Verify that the information reported about you is correct, including your name, address, date of birth, and social security number. Credit report mixing (when data from one credit report is combined with data from another) and identity theft are two common causes of inaccurate information.
Several types of errors can affect your account balance:
- Each revolving credit account has the wrong credit limit.
- Your credit report may include inactive accounts.
- Negative marks that have been on your credit report for longer than seven years.
- An overdue payment was given an incorrect delinquency date.
- Incorrect payment status, such as a credit account incorrectly reported as delinquent.
Incorrect information is reinserted.
If you have corrected inaccurate information on your credit report, it may reappear. Keep an eye on your credit report to see if any of the same mistakes you've had to fix have reappeared.
Contact Your Creditor
The best way to fix an error on your credit report is to contact the relevant creditor, such as your bank. To resolve the issue quickly and in your favor, having as much information as possible, including incorrect information from your report is essential.
File Dispute With Credit Bureaus
Contact the credit reporting agency that generated the negative report if you cannot resolve your issue through the source. Gather evidence to back up your claim that the item you're disputing is an error, such as a copy of your credit report with the highlighted error and a plan for fixing it.
Contact options include picking up the phone, going online, or sending a letter by mail.
If you are filing a dispute by mail, you can use the FTC's sample letter to notify the credit reporting agency of the inaccurate information. You can monitor the progress of your request by sending the credit reporting agency a form letter via certified “return receipt requested” mail.
Make sure you have backup copies of everything you submit.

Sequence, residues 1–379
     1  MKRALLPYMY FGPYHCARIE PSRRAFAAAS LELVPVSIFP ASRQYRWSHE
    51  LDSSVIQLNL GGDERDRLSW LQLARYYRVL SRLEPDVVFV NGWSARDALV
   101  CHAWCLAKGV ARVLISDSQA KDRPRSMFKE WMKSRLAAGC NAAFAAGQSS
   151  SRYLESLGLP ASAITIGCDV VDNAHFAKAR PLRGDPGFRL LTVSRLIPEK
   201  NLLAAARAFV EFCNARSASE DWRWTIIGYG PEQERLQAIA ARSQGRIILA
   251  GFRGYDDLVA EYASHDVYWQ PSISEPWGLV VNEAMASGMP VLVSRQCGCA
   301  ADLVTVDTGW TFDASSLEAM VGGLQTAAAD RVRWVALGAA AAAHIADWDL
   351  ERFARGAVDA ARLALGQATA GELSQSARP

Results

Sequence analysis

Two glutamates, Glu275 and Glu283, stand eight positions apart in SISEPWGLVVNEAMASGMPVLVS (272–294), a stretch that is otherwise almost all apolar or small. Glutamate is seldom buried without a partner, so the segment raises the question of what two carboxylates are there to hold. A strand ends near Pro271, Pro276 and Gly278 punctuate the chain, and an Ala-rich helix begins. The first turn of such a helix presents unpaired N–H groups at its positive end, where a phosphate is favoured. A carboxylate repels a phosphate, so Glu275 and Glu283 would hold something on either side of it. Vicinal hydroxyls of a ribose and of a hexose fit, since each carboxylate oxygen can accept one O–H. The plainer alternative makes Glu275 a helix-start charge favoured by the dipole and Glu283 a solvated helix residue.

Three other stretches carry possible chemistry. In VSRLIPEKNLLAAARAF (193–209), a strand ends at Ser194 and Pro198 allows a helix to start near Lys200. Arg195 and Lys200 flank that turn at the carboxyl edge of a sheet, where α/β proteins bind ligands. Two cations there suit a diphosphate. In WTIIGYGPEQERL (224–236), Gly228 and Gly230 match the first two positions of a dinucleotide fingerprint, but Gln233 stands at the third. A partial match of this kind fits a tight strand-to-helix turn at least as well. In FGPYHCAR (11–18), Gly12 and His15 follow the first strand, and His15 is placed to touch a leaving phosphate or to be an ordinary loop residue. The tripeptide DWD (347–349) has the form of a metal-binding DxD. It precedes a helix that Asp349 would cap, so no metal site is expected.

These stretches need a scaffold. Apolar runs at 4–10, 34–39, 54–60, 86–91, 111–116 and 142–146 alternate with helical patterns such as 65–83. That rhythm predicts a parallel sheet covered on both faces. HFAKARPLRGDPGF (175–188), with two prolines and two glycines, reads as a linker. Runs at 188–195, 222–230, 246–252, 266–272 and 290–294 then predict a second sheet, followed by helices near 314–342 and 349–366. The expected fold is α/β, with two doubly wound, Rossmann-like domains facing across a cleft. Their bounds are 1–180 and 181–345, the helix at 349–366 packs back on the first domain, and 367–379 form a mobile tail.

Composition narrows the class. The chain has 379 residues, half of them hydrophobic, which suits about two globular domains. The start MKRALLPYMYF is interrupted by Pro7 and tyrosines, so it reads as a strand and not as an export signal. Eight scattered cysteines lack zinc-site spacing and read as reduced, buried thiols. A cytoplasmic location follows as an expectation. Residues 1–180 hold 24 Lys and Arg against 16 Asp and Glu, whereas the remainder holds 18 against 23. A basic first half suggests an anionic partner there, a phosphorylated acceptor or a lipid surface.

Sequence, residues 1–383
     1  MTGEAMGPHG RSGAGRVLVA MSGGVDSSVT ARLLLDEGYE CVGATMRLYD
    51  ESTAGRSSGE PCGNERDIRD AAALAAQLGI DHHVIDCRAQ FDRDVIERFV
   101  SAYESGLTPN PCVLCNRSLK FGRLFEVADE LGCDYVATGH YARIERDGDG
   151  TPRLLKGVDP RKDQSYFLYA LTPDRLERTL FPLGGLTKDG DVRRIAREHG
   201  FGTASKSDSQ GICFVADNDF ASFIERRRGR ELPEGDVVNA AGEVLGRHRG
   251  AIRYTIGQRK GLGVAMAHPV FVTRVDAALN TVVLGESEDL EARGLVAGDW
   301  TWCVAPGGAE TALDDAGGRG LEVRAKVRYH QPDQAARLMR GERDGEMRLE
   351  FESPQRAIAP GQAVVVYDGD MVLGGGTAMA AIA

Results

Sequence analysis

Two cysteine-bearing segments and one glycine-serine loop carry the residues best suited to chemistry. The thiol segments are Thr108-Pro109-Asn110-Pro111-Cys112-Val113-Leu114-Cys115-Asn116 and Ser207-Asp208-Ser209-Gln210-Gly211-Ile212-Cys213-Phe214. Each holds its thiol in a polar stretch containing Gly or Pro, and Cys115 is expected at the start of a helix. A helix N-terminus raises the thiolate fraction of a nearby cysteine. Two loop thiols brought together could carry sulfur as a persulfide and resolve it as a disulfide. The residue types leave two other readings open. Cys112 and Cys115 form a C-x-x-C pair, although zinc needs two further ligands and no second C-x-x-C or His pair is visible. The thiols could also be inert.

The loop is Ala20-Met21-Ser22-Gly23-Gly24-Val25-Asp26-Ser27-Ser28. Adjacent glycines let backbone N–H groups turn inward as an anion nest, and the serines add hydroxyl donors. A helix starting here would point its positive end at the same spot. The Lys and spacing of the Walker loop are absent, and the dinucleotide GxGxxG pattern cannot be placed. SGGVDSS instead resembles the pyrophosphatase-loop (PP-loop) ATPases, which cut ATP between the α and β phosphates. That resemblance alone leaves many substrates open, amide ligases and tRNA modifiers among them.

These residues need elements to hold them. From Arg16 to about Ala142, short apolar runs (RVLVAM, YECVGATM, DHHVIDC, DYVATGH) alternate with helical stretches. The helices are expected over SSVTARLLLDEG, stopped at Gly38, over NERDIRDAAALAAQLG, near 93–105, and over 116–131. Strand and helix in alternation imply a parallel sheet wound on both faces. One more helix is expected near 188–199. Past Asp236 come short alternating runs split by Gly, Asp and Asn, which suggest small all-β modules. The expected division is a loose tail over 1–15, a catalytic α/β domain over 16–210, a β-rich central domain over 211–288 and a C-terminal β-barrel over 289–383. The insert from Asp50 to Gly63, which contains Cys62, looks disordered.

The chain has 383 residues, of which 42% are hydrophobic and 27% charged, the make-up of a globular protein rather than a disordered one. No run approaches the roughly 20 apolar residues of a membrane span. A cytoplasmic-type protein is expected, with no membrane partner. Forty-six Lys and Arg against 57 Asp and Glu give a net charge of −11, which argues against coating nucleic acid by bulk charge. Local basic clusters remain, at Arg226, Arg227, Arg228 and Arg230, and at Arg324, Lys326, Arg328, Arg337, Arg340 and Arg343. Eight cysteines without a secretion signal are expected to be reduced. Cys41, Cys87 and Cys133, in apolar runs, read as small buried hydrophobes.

You can also ask the credit reporting company to send correction notices to anyone who got a copy of your report in the last six months or for employment reasons in the previous two years.
Be Patient and Follow Up at the Right Time
Credit reporting companies usually investigate your dispute within 30 days unless they deem it frivolous. Upon completing the investigation, they will inform you in writing and send you a free copy of your report.
Make Sure That Your Credit Report Includes a Consumer Statement
Let's say it turns out that your request to have an error on your credit report is denied. Unfortunately, it's not uncommon for credit bureaus to ignore requests for information. Only 2% of covered complaints were resolved in 2021 across all three credit bureaus, down from 25% in 2019, according to a report from the Consumer Financial Protection Bureau from 2022.
If that happens to you, that's where your right from FCRA comes into play, and you can sue the agency or creditors for credit report mistakes and neglect of work.
Making a mistake on your credit report can have serious consequences. Bad credit can make it difficult to get loans and credit cards when needed and increase the amount you have to put down for things like rent and insurance.
If you want to keep your credit in good shape and make steady progress toward your financial goals, you need to closely monitor it, identify any discrepancies as soon as possible, and file a dispute.
Lastly, keep a clean credit history. If the credit reporting agency does nothing after receiving your dispute, you can sue for credit report mistakes under the Fair Credit Reporting Act (FCRA).